People like to blame data, but business issues due to underlying data problems speak to wider concerns about how data is valued and managed. Is the data in your company regarded as infrastructure? If not, then some of the following may be business challenges your organisation will experience.
|A data breach is indicative of failing information governance, security and curation. Breach notification (and remediation) are statutory reporting obligations to the ICO, and can affect future insurability of the company in breach, but also the company officer in breach.
|Decisions are adversely impacted by relying on analysis of poor quality data, generally estimated to be about 80% of organisational data. Unless data is curated, you should expect it to decay at a rate of 15% or more per year, and that does not include the estimated 20% of erroneous data that organisations typically have. Like everything else in life, data changes.
|Personnel become very demotivated when the data they need to do their jobs is unavailable, inaccurate or unreliable. Inaccurate, duplicate or inconsistently-parsed contact information can be highly embarrassing, costly and cause long-term PR & reputational damage.
|It is not uncommon to find that reports take ages to run (overnight) or have to be ordered far in advance, even after ritual abasement. Decision-making is also adversely impacted by lack of timely analysis and reports.
|Competition always get there first.
|Strategic opportunities slip from grasp, as the organisation is always last to the party. Proactivity is only possible with command of data which, when converted to information, provides insight.
|You could be paying as much as 80% over the odds for the hidden cost of data you don’t need, don’t understand or should at least have archived. Data should be an asset and you should be investing in the future, not the past. Each year, UK businesses waste £220m sending mail to the wrong people!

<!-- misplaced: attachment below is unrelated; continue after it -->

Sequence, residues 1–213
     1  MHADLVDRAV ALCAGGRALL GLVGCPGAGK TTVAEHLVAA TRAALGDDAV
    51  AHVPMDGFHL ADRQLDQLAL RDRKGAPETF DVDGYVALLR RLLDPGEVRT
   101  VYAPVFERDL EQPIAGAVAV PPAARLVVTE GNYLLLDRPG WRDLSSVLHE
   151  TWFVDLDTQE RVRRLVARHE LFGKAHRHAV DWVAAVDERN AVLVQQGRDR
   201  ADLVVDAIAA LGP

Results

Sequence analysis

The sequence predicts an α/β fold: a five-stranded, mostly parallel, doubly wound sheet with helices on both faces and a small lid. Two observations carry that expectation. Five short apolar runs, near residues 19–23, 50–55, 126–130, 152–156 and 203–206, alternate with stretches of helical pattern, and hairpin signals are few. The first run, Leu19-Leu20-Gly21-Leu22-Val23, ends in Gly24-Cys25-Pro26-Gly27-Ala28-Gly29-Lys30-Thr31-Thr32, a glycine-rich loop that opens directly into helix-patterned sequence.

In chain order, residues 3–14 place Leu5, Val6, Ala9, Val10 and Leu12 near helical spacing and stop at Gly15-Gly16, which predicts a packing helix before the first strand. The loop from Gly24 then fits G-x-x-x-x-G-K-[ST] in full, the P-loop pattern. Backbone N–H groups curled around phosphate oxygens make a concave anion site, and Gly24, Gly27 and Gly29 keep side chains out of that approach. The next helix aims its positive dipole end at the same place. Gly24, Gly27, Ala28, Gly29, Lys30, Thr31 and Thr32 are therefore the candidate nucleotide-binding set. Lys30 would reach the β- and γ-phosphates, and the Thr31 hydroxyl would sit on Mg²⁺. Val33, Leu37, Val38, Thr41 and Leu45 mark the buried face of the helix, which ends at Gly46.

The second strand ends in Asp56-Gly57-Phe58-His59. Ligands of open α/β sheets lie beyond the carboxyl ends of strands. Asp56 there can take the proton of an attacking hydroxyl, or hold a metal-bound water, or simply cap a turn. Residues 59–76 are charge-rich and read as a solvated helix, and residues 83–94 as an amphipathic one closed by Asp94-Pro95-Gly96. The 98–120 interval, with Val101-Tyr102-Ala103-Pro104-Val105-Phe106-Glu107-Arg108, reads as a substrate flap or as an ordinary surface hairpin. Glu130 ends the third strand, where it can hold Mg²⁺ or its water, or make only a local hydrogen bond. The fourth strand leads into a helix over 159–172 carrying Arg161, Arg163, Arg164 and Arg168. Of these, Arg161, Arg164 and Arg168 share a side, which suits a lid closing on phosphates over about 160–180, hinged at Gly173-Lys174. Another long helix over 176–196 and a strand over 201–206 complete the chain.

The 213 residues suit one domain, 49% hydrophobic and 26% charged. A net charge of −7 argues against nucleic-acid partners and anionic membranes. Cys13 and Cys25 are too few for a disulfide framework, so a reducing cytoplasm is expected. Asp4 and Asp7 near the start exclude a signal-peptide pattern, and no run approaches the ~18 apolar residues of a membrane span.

|Business processes fail as data is compartmentalised; held on desktops instead of being available to the rest of the organisation where it can inform decision-making. Spreadsheets were designed for the desktop, not the enterprise, and in this instance, are over-used as a departmental tool.
|Squirrelware on desktops.
|For various reasons, employees may store their own spreadsheet versions of data, for reasons of quick access, convencience, fiefdom, or where they lack confidence in corporate data or systems. Enterprise information should not be kept on the desktop, since the presence of squirrelware leads to data protection and other vulnerabilities and causes severe headaches for a DPO.
|Data trapped in silos, individual business units or packaged systems is not available to the rest of the business. This speaks of a greater concern: a reluctance to buy-in to the team approach of the corporate strategy as people or departments become too protective of their systems and data, thus denying it to the rest of the organisation.
|When discussing innovation, new projects or initiatives, the business does not know who ‘owns’ the data – and the answer to the question “who owns the data?” is typically “the business!” This hinders business evolution.
|Low conversion rates.
|High quality data demonstrably leads to better conversion rates, through an improved customer experience and operational efficiencies. Poor data quality adversely affects customer insight analytics.
|Unable to find information.
|Poorly organised (maintained and curated) data, and poorly described (metadata) data are the cause of significant organisational overhead. As much as 40% of personnel time can be spent trying to find data or in fruitless searches that do not produce meaningful results. As data grows, hoarding it will become more and more unsatisfactory unless fidelity is also addressed.